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How Samsung Used Customer Insights To Refine Gear VR’s Design

Gear VR’s most noticeable change revolves around its main point of interaction: the touchpad.

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After previously testing the mobile VR waters with the Gear VR “Innovator Edition,” the company is going forward with a new $100 model fully intended for mass consumption by owners of Samsung’s recent flagship phones. But before Samsung got to this point, those two limited releases from the last year provided invaluable information for designing the Gear VR that was given a wide release today, both from developers making software and from users of the headset.

Developed in conjunction with virtual reality-trailblazer Oculus, the focal point of these insights primarily revolve around one important area: the touchpad located on the right side of the headset.

“We’ve given lots of demos of Gear VR and everybody can touch their temple. But it’s still a new behavior to touch the temple of the Gear VR. The touchpad is one of those things that when you go through the tutorial, it becomes really natural,” Nick DiCarlo, VP of Immersive Products and Virtual Reality at Samsung, tells Co.Design.

When looking at how it could improve and refine the touchpad, Samsung took it from a flat, squarish shape, to a slightly larger cross-shaped groove perfect for swiping up and down or left and right through menus a more. Where a thin raised line in the center previously existed, it now has a little pit where a finger naturally lands when you tap to select menu items. The border delineating the touchpad from the rest of the case has also been made more pronounced, to help a user to find it when the unit is on their face.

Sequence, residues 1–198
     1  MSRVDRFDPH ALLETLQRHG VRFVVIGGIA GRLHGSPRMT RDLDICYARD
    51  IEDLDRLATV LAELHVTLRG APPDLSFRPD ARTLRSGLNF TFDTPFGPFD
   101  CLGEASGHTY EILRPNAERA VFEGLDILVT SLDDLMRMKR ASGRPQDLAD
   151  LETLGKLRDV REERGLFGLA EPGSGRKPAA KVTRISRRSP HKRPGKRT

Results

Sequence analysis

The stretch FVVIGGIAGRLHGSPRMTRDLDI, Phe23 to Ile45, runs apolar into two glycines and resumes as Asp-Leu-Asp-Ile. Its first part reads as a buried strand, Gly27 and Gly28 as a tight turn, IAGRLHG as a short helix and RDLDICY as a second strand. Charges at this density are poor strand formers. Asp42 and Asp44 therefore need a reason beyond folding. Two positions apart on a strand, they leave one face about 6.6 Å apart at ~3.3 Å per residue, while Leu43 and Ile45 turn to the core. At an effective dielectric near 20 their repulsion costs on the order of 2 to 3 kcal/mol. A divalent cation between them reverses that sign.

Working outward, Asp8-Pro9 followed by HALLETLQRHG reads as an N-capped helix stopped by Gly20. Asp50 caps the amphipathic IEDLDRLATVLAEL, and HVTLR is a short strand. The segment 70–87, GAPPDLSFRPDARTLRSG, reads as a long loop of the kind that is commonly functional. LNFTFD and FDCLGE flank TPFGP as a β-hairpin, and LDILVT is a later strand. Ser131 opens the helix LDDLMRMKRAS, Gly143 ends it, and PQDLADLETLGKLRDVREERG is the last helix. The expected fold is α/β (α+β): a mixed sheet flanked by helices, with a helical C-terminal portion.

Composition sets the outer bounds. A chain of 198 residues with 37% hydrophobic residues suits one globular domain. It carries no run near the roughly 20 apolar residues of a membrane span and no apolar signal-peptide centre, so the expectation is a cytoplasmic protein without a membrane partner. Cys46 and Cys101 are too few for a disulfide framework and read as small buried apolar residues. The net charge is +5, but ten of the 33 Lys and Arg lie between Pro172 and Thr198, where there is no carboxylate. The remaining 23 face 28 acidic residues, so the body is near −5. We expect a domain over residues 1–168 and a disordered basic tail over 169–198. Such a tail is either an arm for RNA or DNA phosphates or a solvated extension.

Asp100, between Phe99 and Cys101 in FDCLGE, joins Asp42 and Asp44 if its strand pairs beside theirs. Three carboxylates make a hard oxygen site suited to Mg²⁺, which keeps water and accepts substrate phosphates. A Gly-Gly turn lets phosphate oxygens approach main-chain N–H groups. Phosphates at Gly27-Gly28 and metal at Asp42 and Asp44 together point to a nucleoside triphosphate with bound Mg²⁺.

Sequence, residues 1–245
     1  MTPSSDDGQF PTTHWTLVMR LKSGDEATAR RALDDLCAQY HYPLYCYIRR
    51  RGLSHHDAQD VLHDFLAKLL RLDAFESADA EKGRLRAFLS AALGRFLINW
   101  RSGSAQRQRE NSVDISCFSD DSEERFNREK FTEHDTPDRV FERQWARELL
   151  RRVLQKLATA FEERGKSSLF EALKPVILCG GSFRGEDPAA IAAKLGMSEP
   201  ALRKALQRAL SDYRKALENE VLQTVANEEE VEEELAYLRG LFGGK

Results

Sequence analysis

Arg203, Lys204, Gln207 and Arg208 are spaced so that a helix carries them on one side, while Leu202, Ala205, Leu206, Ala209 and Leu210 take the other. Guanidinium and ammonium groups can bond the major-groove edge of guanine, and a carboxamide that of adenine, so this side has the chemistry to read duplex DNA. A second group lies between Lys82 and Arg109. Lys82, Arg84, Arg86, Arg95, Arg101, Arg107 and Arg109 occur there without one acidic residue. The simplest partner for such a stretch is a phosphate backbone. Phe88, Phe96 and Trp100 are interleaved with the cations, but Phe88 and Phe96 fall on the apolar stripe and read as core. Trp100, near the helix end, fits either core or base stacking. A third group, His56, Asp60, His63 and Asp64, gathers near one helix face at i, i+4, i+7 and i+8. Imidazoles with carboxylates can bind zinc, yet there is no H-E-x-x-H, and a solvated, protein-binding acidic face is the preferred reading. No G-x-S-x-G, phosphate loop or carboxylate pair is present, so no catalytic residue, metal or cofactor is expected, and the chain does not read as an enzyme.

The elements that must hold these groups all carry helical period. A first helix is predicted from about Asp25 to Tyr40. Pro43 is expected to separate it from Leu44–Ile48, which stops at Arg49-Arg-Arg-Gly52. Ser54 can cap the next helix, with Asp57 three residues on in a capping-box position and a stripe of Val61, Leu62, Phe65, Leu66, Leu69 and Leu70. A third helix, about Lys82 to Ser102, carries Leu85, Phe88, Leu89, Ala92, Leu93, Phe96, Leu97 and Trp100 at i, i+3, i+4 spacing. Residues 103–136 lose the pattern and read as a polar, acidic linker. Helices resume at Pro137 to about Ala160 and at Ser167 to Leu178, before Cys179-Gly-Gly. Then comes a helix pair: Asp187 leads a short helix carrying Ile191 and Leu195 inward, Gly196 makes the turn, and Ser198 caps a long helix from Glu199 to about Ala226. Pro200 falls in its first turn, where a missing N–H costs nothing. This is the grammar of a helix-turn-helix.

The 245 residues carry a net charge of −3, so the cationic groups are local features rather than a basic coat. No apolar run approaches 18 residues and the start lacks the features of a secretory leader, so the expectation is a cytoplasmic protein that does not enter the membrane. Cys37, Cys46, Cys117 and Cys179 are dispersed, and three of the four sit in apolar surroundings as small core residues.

“By having the pad like this, you can easily find where you are in the headset. So there are little lessons that have been learned throughout. And we can expect that to continue in the future. This is not the final form factor for 10 years of VR. We will take what we learn and go from there,” says Max Cohen, VP of Mobile at Oculus.

Another change near the touchpad is the back button. Cohen explains, “The back button used to be over here [toward the middle]. When people went to put the headset on, they were pressing the back button. So we moved it up here [toward eyes], because no one really holds the device like that.”

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The new Gear VR comes other improvements as well. It is 19% lighter–thus easier to wear for longer sessions. The design allows more ventilation, to reduce the fogging on the lenses that can happen. There is more space in the case, allowing someone to wear eyeglasses (though, they may not have to since you can change the focus of the lenses). And with a moveable connector, it can work with the Samsung Galaxy S6, Galaxy Edge, Edge +, or Note 5, whereas the previous two models each worked with one specific phone.

DiCarlo says, “Consumer and developer feedback is critical and all of the tweaks we’ve made to the device have been as a result of what we hear from the community. We are committed to continuously improving and bringing this amazing new technology to millions, and that takes a careful ear to listen and learn from the passionate VR community and developers we work with every day.”

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About the author

His work has also been published by Kill Screen, Tom's Guide, Tech Times, MTV Geek, GameSpot, Gamasutra, Laptop Mag, Co.Create, and Co.Labs. Focusing on the creativity and business of gaming, he is always up for a good interview or an intriguing feature.

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